Affected residents can call 866-342-6892 to speak confidentially with behavioral health specialists
Optum, a leading health services company, is offering a free emotional support help line for individuals in Northeast communities affected by the recent tornados.
The company’s toll-free help line number, 866-342-6892, will be open 24 hours a day, seven days a week, for as long as necessary. The service is free of charge and open to anyone. Staffed by experienced master’s-level behavioral health specialists from the company’s OptumHealth business, the free help line offers assistance to callers seeking help in dealing with stress, anxiety and the grieving process. Callers may also receive referrals to community resources to help them with specific concerns, including financial and legal matters.
In addition, through a $500,000 annual commitment, Optum participates in the Annual Disaster Giving Program of the American Red Cross, which is offering shelter, food, emotional support and other assistance to people in the affected communities.
Along with the toll-free help line, emotional support resources and information are available online in English at www.liveandworkwell.com and in Spanish at www.mentesana-cuerposano.com.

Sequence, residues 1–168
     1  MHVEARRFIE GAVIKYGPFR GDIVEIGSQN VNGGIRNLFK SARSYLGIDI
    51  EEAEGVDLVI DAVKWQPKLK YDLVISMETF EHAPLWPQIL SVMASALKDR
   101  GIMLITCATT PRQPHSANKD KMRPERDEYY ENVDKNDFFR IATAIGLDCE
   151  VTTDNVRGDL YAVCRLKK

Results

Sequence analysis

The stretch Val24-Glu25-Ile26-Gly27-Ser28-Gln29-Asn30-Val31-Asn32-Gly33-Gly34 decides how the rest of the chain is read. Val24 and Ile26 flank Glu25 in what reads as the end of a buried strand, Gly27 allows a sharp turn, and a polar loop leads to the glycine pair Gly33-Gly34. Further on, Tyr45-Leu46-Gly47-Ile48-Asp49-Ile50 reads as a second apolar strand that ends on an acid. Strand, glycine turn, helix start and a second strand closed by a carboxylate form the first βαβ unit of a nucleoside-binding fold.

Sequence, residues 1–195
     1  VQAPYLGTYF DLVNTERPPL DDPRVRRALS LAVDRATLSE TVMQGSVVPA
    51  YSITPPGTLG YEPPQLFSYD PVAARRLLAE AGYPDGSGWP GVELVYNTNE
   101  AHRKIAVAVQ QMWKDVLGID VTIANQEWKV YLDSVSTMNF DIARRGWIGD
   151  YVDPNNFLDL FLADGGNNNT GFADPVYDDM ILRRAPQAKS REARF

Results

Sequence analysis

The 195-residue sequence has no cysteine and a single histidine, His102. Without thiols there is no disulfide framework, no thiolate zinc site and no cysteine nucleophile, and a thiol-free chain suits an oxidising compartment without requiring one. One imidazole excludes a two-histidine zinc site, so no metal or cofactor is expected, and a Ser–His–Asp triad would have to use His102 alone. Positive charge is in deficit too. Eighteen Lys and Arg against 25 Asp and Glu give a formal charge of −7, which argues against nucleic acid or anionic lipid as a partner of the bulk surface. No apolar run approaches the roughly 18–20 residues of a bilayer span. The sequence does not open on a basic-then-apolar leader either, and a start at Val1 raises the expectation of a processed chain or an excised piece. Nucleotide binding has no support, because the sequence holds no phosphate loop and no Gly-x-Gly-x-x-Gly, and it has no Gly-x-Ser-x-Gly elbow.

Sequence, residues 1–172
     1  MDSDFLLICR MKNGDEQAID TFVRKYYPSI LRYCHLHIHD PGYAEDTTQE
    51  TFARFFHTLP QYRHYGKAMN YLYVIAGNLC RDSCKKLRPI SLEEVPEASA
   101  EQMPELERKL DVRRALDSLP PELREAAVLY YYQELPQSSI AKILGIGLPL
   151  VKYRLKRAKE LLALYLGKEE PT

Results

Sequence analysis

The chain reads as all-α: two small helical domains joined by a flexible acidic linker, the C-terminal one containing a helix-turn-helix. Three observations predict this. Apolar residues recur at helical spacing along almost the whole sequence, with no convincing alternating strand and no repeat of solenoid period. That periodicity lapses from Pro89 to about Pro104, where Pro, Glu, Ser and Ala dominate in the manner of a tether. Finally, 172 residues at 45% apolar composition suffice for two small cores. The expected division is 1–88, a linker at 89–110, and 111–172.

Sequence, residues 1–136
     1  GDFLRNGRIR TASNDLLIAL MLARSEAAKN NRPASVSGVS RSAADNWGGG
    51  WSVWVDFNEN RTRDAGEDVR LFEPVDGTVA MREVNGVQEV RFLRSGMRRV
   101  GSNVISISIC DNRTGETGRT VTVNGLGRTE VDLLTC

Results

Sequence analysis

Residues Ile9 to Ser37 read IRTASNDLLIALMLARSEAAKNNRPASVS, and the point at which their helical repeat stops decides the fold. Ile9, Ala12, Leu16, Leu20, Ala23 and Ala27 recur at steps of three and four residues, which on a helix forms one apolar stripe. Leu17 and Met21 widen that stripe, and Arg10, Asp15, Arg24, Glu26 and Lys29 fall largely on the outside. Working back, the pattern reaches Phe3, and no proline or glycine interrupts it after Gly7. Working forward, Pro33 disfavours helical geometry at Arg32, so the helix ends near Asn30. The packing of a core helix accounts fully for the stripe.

About the American Red Cross
The American Red Cross shelters, feeds and provides emotional support to victims of disasters; provides nearly half of the nation's blood; teaches lifesaving skills; provides international humanitarian aid; and supports military members and their families. The Red Cross is a charitable organization — not a government agency — and depends on volunteers and the generosity of the American public to perform its mission. For more information, please visit www.redcross.org or join our blog at http://blog.redcross.org.
Optum is an information and technology-enabled health services company serving the broad health care
marketplace, including care providers, plan sponsors, life sciences companies and consumers. Its business units – OptumInsight, OptumHealth and OptumRx – employ more than 30,000 people worldwide.